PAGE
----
Friday, 7 December 2012

The End of an Era (April 2012)

The previously unimaginable fears of many were confirmed on Friday morning as Pep Guardiola, Barcelona's most successful manager ever, confirmed he would be leaving the club at the end of the season at an anxiously awaited press conference.


Due to the vast amount of rumours circulating since Thursday evening, it seemed increasingly likely that the Catalan would step down as manager; especially after the recent, decisive Clasico resulted in a traumatic loss for Barça, as did the two-legged semi-final against the revived Chelsea. The holders were omniscient in possession, consuming over 70% of the ball in all three frustrating matches, which has famously become the signature style of Guardiola's Barça. 

Trophy number 14 is still on the cards for the 41 year-old, if he can renovate his side to perform fluently and gracefully-as they have been until recently-against Atletico Madrid in the upcoming Copa Del Rey final. Guardiola has experienced only glory and success in the vast majority of his time at the club where he spent 10 trophy-laden years as a player.

The unbelievable haul of silverware has come since the Catalan replaced the mismatching Frank Rijkaard for the 2008-2009 season after leading Barça B to promotion in the lower Spanish leagues. A lively, enthusiastic Guardiola (with a head full of hair) revolutionised the squad, boldly sending players of Ronaldinho and Deco's calibre on their way, informing them that they had no further involvement with the soon to be clockwork-like Barcelona side. It seemed the bond between squad and coach was unbreakable; two UEFA Champions League trophies, two FIFA Club World Cups, three La Liga titles, one Copa Del Rey, three Supercopa de España trophies and two UEFA Super Cups later, and the marriage is over. A much balder, greyer and visibly exhausted Guardiola sombrely tells the world he is to leave because, aside other factors (including him being
“drained”), he stated that "four years is enough".

Over those four wonderful years, Guardiola has been the protagonist on a rollercoaster of an almost fictional journey. He retrieved the gravitating reins of a club who had stalled under Rijkaard, maximised the majority of his player's potentials and in doing so, modestly won not only numerous individual awards including FIFA manager of the year, but captivated the hearts of millions upon millions of worldwide football fans.

He has an incomparable, almost parental bond with the incomparable Lionel Messi, which has told in more ways than one: adjacent to Guardiola's peak as manager, Messi has held a simply god-like status, brushing off competitors (literally and metaphorically) as if they didn't exist, whilst sharing
that modest attribute to his personality. In recent games, which has brought Guardiola's personal struggles and unexpected decline to light, Messi too has seemed almost distant, a shadow of his usual self. After all, how often does the three-time Ballon D'Or winner miss a penalty at the Camp Nou like that agonising spot-kick against Chelsea? 

The father of three has been known to move on from Barcelona without much of a reason in the past, as a player. However, thankfully, this time the watching, listening world were silent as Guardiola allowed us inside his mind at Friday's press conference. The trio of Guardiola himself, club president Sandro Rosell and sport director Andoni Zubizarreta revealed all as Xavi, Messi and Puyol, to name a few of the players, looked on emotionally.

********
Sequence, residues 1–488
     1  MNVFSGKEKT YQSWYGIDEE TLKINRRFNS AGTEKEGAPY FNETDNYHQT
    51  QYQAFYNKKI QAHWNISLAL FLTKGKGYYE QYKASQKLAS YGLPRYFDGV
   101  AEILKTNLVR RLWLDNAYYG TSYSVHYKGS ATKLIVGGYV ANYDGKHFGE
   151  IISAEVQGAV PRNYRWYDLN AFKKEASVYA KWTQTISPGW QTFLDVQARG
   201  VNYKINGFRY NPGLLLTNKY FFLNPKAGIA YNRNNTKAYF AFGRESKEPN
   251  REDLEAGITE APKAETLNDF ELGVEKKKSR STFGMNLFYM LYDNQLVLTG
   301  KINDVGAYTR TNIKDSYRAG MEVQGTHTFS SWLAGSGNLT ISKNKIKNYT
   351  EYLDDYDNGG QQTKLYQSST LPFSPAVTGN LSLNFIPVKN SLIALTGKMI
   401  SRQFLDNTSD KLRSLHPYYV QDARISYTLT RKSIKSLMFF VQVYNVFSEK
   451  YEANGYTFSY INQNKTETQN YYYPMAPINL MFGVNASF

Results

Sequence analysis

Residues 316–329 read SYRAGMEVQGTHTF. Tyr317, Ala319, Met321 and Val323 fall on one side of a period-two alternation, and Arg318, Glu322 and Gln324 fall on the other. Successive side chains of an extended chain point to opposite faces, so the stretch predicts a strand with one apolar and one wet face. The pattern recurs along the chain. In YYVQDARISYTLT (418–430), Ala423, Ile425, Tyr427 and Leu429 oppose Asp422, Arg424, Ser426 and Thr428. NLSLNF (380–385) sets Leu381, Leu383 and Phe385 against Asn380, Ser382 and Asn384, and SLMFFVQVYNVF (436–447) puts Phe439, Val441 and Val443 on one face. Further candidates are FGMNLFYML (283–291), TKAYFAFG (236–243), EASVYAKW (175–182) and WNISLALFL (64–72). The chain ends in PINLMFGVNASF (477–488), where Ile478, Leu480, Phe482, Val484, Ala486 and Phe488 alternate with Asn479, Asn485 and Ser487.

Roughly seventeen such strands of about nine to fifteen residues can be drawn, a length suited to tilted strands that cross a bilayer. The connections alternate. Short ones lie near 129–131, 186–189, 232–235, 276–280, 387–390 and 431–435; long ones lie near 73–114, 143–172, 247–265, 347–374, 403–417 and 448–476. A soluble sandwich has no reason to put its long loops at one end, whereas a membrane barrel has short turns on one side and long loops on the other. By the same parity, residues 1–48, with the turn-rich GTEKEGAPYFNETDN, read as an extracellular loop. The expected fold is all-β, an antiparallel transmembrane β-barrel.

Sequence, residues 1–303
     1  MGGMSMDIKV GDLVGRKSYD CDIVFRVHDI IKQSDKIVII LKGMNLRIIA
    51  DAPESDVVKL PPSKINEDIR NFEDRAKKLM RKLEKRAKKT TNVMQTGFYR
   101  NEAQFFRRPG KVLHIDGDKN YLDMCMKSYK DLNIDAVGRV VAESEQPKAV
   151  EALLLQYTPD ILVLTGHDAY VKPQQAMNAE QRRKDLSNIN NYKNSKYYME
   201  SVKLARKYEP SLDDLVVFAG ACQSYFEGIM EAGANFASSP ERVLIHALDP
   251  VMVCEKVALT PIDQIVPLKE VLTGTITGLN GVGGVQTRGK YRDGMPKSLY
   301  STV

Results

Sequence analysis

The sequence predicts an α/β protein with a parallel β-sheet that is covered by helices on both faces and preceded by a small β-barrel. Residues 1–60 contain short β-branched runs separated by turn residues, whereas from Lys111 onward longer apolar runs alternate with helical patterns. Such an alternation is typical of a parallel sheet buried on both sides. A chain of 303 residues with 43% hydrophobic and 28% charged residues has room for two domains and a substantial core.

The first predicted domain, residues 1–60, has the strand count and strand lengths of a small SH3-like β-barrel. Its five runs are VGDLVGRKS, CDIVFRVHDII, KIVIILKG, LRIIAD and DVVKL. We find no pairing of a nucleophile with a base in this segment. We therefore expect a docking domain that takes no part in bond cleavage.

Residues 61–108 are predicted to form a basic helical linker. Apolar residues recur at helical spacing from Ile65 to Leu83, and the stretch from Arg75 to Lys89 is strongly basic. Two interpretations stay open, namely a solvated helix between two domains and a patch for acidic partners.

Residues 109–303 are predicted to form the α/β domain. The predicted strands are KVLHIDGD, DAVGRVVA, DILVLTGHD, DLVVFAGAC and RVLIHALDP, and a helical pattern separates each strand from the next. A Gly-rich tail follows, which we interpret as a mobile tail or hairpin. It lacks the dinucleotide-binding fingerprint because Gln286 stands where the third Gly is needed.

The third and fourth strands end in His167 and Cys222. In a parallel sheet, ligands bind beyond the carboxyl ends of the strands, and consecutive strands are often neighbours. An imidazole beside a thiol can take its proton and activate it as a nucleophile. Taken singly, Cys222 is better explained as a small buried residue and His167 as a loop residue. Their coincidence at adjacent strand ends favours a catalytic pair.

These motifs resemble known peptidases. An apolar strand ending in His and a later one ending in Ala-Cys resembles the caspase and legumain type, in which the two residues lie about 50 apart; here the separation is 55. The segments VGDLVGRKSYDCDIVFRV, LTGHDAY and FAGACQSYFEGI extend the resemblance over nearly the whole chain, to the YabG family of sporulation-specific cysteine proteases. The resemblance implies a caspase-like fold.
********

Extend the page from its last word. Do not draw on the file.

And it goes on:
"At the beginning of December I announced to the chairman that I was seeing the end of my era at Barcelona," said Guardiola.
It would have been a bad idea to continue," he proceeded. “Perhaps it would not have gone wrong but I have the perception that it would. It is my time to go."

Surprisingly, Zubizarreta revealed that Guardiola's assistant, Francesc 'Tito' Vilanova, would be taking over at the start of the 2012/13 season, stating,
"What do we have here at home? Tito." 

Vilanova's career is significantly less colourful compared to his predecessor; he too was a member of
La Masia; he became friends with Guardiola whilst in the youth system, and they both played for Barça B. However, Vilanova's playing career far from escalated-he made appearances for small clubs in Catalonia before joining Barcelona's coaching staff. Guardiola described his assistant as "a great choice" for the club. Vilanova may well share a similar playing and coaching ethos, in which case it is possible that Barça's stereotypical play will remain the same into next season at least. However, as we witnessed with Guardiola, the Catalan club may be about to have another gigantic, unknown twist on its hands. 

Guardiola has already made one return to the Nou Camp; being only 41, there is nothing to say a distant reunion cannot happen. Nevertheless, as the Spaniard takes a well deserved, year-long break from management, one question will be on everyone's mind: Where next? That, however, is another story.

Undoubtedly, Barça fans will miss their talisman’s charismatic reactions of jubilation from the touchline. He leaves a unique, timeless legacy in his footsteps that is already in the history books and forever will be. His departure may well signify the dispersion of several members of the current squad, as players like Dani Alves are already being linked with the wealthy, future European giants Anzi Makhachkala amongst others.

Wherever Guardiola appears next is his choice and his challenge, and therefore the world will be eagerly watching, and will always remember and revisit those precious, inconceivable and utterly unfaultable four years of footballing perfection.
Gràcies Pep!

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